I learned to begin by making four lists: accomplishments, failures/misses, big dreams, SAM goals (that last stands for specific, achievable, and measurable). Over the decades I have adapted this “process” to include a fifth list. It’s my first list.

1) Begin with gratitude. List everything you can think of–great and small. Challenge yourself to make this as long as possible. Aim for 25 items. For example, I list:

  • the silence of the early morning on a dew-covered golf course (I can see Tee 3 from my lanai)
  • an abundance of westerly sunshine in my living room every afternoon
  • books in every room
  • my health (no meds)
  • watching wildlife on my walks
  • listening to birdsong in the mornings
  • listening to frogs and crickets in the evenings

Once you have a few things on paper it becomes easier to think of things and add items.

Think of all the "victories" great and small you achieved this year. Challenge yourself to think of several dozen.

Think of all the “victories” great and small you achieved this year. Challenge yourself to think of several dozen.

2) Make an accomplishments list. Again, list any size achievement (and you can look at goals lists from other years to do this). And, I get silly–listing minor events just for the fun of it. For example, I have a variety for my list:

  • interviewed about The Right To Counsel for CitiesTour program on BookTV/CSPAN2 (a highlight of my year)
  • getting involved in Marco Island Writers group
  • conducting seven summer reading program library visits
  • reorganizing my office
  • finally recycling my dad’s cellphones
  • finding a new venue for writing workshops

These two lists alone can go far in setting a positive mind frame for the next steps. Making these lists are quick ways to reflect on the past year. They also help in jogging memory, especially small items from early in the year. (Of course, I have the benefit of reading these items in my journal and planner.)

3) Make a Dream Big list. Spend time thinking of and listing what you’d like to accomplish in the new year. Think of this as a preliminary goals list. This is for your eyes only, so dream big. Write each as if it has happened, (as if this IS your accomplishments list for 2015.) Don’t allow the inner critic to tell you your dream is impractical, unattainable, a pipe dream. (This IS the dream big list.) For these second and third lists, I challenge myself to come up with more than 15 items on each. In fact, I try to outdo the year before, so this year I’m aiming for 25.

4) Disappointments List. Now you’ll make a list of the goals you didn’t reach. While this may not be as fun as the previous lists, it should be enlightening. Just do yourself a favor and do not judge. (Gag that inner critic.) This list is easy for me since I have a journal ornament which has become a tradition. Each year when I take down the tree, I list my hopes for the new year. Sadly, a few of the SAME goals have been listed for the past four years. Don’t dwell on the negative–this list is to help you gain perspective. The point of all these lists combined is to help you reflect on the past year–the ups and the downs. The misses and disappointments can help you create both realistic goals and the desire to follow through.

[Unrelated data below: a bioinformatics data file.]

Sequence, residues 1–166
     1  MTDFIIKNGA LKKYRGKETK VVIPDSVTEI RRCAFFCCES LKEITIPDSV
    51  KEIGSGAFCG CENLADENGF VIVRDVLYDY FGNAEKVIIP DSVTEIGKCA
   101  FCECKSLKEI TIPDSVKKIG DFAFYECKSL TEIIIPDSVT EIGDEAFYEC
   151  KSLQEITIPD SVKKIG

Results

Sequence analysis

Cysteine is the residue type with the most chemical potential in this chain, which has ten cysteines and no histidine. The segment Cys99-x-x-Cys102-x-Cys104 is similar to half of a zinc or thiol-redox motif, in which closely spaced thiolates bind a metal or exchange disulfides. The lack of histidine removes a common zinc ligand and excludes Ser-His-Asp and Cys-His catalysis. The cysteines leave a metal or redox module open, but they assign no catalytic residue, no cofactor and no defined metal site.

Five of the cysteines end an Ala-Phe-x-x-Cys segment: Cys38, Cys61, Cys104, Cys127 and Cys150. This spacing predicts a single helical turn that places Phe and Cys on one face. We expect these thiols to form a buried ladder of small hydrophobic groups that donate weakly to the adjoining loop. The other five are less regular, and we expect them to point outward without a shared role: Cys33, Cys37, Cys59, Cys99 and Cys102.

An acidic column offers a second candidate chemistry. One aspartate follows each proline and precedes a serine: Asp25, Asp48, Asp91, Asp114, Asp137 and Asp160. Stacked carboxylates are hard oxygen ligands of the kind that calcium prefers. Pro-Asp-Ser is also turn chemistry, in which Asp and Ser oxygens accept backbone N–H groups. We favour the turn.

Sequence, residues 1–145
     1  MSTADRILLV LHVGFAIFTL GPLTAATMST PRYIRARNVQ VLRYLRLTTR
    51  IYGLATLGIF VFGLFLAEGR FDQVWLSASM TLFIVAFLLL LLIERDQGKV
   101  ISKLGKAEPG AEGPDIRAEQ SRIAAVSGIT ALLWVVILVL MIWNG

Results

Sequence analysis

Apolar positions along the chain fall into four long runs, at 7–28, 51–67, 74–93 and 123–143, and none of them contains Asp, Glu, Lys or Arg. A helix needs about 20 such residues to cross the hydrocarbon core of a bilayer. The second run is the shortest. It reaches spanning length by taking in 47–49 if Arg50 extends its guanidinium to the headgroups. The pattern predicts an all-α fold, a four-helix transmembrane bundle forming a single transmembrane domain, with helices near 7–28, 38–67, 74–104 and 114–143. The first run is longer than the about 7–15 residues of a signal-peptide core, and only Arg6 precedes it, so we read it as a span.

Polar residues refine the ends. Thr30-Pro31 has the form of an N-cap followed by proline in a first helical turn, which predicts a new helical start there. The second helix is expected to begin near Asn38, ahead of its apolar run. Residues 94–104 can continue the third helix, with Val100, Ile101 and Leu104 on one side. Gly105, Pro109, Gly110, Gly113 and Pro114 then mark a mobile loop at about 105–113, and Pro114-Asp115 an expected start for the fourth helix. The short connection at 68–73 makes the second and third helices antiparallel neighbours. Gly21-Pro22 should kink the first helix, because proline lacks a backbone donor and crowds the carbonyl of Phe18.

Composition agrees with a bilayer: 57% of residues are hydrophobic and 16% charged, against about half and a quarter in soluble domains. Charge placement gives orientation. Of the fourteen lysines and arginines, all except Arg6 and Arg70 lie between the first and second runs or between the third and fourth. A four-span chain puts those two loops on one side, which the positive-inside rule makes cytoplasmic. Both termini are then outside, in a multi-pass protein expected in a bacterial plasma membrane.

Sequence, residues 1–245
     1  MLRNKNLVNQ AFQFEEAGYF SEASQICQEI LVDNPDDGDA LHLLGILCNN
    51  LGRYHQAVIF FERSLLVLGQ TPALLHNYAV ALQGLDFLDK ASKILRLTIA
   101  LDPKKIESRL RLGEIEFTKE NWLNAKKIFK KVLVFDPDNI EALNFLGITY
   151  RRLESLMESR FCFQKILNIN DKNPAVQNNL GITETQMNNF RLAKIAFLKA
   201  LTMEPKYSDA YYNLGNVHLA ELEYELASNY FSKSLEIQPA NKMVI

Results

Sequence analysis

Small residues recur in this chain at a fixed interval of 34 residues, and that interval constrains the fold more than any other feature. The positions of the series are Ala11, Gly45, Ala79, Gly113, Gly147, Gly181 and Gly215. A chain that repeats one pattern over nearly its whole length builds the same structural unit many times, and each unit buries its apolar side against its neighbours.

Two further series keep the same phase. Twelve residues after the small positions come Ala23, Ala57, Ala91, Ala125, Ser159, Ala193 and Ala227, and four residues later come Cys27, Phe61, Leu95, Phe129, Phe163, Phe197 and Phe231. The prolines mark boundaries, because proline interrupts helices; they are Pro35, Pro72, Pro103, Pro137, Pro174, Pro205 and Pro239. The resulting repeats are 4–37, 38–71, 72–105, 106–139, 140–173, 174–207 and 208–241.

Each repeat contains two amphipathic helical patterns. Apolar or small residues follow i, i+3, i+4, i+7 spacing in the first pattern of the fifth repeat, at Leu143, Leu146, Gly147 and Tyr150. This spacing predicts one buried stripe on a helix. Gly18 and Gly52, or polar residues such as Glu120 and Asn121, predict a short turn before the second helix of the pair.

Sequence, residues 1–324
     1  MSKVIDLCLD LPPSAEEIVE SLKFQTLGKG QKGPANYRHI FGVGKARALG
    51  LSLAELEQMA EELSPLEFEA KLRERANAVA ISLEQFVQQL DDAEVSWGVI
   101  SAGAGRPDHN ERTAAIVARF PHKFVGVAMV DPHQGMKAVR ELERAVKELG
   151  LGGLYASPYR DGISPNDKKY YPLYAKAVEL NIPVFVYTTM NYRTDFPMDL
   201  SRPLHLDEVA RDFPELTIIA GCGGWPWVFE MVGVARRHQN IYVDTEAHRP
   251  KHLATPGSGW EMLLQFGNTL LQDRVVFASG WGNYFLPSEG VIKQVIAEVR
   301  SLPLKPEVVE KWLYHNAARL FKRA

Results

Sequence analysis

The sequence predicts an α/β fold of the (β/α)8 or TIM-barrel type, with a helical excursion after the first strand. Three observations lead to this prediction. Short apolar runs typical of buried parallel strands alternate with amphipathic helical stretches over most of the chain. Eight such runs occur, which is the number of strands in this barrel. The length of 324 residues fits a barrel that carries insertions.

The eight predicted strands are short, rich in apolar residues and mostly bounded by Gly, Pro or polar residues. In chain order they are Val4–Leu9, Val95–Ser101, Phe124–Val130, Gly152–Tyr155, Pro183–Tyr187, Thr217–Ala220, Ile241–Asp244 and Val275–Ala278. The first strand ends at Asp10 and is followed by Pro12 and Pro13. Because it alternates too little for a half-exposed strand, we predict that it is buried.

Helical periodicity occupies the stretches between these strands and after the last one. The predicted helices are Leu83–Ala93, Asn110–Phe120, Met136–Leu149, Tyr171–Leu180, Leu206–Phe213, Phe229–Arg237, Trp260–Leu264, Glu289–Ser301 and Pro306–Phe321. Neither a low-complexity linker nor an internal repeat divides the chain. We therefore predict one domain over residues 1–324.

Since I have done the above for several years, I have the benefit of looking at past lists to see that I have made progress–a LOT of progress n fact.

5) Create New Year’s Goals. Now that you’ve made all four lists, from the fanciful (dreams) and fun (accomplishments) to the misses and disappointments, you should now set five goals. But this is key: not only will you get a goal, you will also decide what steps are needed to achieve each goal. And you will then create an action plan for each step. It helps to think of this as creating short-term and long-term goals. The action steps help make each goal achievable. (If you can’t figure how you will take steps to meet a goal, it is probably not attainable–at this point.)

Dream

The difference between a dream and goal is the ACTION you take to make it so. (Advice shared with my college FYE students.)

It also alerts you to a goal that is dependent upon other people for you to achieve it. For example, getting an agent and receiving a huge publishing contract is dependent on a lot of factors out of your control. When you create the actions steps to meet this “goal” you’ll realize that you can do a lot of things that will move you toward achieving publication (polishing your manuscript, researching agents who rep your type of book), but they have no guaranteed results. NOTE here that these “unrealistic” goals can remain on the dreams list. There’s nothing wrong with dreaming of getting a great agent and a huge contract (and according to The Secret, daydreaming about it creates the positive vibrations to help it manifest). But the point of setting clear and attainable goals is so you can take action to achieving them.

Once you’ve created action steps, your goals list will be longer than 5 items (another reason I aim for a smaller list of goals). They will also likely be specific, attainable, and measurable because you’ve used your four lists to reflect on the past year to ensure your make progress in the new year.

Have fun, happy writing, and best wishes for productive and prosperous 2015!

Fresh Step Forward

I always enjoy this time of year. Granted, it comes earlier here in Florida, but back-to-school time is ripe with fresh starts. As a kid I loved buying new clothes and school supplies. As a writing instructor I stocked up on pens, pencils, markers, highlighters, and paper for my own use as well as to offer to my students who needed them. As a freelance writer I find uses for quirky and unusual office supplies.